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Indians Indians Archive 2009 Indians Top Prospects: #15-11
Written by Tony Lastoria

Tony Lastoria
We move along with Tony's list today and now really start to get into all of the impact talent the Indians have on the horizon. The Indians are bursting at the seams with some very good young talent, so much so that a lot of these guys ranked #11-15 could be in the Top 7-8 for most other organizations. The headliner of today's list is outfielder Michael Brantley, the player to be named later in the C.C. Sabathia trade and a player the Indians and the rest of baseball are just salivating over. And don't forget to check out Tony and Paul's show Smoke Signals tonight on The Cleveland Fan Live!

My 2009 Cleveland Indians Top 100 Prospects & More book is now available.  Click on the hyperlink for all the details, and to order it just go to my website and click on the form to the top right to complete the order with a check or credit card.  If you wish to send a check or money order by US Mail, please contact me at and I will verify the order and provide my full mailing address for you so send payment.

For those that missed it, I was on the program All Bets Are Off on the Indians cable network SportsTime Ohio last Friday March 6th.  I DVRed the show and made a recording of the DVR playback with my digital video camera and uploaded it to You Tube.  So, if you are interested in seeing it, click here.  We talked for about 35 minutes covering two segments and touched on a myriad of prospects.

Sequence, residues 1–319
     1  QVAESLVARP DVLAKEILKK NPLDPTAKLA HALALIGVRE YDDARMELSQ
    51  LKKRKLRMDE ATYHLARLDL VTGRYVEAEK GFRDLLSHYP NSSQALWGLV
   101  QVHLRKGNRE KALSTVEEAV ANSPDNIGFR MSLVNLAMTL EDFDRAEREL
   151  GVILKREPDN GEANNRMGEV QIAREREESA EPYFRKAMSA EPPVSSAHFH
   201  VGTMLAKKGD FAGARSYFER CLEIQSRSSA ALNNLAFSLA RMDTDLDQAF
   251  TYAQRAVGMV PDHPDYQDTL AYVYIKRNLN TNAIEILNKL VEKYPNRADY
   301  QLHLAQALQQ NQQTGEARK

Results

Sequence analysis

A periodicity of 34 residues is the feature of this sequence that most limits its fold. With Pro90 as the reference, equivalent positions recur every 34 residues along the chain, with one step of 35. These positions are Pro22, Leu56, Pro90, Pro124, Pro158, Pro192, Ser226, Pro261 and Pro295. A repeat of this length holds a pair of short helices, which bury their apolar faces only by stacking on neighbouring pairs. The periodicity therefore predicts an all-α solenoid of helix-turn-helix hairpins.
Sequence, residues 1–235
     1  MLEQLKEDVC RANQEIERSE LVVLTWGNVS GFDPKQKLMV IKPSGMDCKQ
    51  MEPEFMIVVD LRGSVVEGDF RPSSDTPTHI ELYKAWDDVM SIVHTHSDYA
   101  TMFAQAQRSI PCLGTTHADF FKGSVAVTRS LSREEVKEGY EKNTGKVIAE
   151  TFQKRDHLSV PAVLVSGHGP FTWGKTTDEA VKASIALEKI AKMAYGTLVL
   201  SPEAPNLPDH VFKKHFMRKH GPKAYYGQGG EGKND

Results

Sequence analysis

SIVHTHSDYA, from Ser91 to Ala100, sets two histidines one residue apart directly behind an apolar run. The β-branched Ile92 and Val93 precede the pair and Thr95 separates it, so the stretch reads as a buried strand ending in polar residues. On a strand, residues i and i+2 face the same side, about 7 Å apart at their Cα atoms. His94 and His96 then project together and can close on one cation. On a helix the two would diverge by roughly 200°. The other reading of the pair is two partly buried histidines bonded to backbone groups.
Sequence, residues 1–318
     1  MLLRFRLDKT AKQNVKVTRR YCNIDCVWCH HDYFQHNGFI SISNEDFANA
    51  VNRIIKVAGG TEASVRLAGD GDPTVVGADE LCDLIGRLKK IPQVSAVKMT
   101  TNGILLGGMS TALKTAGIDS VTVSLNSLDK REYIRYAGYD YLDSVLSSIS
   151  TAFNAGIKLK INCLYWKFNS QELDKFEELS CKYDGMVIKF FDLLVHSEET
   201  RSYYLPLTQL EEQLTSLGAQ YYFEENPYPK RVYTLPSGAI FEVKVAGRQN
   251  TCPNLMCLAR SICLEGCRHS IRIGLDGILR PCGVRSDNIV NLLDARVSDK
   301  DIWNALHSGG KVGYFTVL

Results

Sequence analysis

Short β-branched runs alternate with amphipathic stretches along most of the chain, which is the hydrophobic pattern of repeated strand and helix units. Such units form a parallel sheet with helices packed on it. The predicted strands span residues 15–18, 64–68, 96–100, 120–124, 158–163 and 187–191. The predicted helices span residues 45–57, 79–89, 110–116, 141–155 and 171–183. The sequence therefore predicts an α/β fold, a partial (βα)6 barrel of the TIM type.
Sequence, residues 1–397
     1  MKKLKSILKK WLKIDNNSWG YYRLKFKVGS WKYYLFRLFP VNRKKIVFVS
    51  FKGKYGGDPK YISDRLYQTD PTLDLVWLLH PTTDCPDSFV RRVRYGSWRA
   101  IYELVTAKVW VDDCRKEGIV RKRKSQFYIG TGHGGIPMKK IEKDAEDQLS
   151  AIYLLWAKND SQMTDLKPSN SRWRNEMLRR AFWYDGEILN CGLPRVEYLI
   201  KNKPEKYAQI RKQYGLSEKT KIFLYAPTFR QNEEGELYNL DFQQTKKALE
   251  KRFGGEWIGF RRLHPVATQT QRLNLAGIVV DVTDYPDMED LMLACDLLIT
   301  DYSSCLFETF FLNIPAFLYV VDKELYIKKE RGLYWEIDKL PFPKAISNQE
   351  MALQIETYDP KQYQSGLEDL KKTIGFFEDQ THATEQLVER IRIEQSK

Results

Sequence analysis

We continue today with #15-11 in the Indians Top 100 Prospect Countdown.  Here are the earlier rankings:   
100. Brian Juhl (C)     
99. Brad Hinkle (RHP)     
98. Mark Thompson (SS)     
97. Adam Davis (C/INF)     
96. Adam White (OF)     
95. Jerad Head (INF/OF)     
94. Brock Simpson (1B/OF)     
93. Ryan Blair (OF)     
92. Dustin Realini (INF/OF)     
91. Shawn Nottingham (LHP)     
90. Cirilo Cumberbatch (OF)     
89. Michael McGuire (RHP)     
88. Sung-Wei Tseng (RHP)     
87. David Roberts (RHP)     
86. Jason Smit (INF)     
85. Marty Popham (RHP)     
84. Jose Constanza (OF)     
83. Adam Abraham (INF)     
82. Isaias Velasquez (2INF)     
81. Gary Campfield (RHP)     
80. Heath Taylor (LHP)     
79. Rich Rundles (LHP)     
78. Dallas Cawiezell (RHP)     
77. Robbie Alcombrack (C)     
76. Carlos Moncrief (RHP)     
75. Nate Recknagel (C/1B)     
74. Karexon Sanchez (INF)     
73. Roman Pena (OF)     
72. Kyle Landis (RHP)     
71. John Drennen (OF)     
70. Todd Martin (1B)    
69. Santo Frias (RHP)    
68. Michael Finocchi (RHP)    
67. Kevin Rucker (OF)    
66. Matt Meyer (LHP)    
65. Bo Greenwell (OF)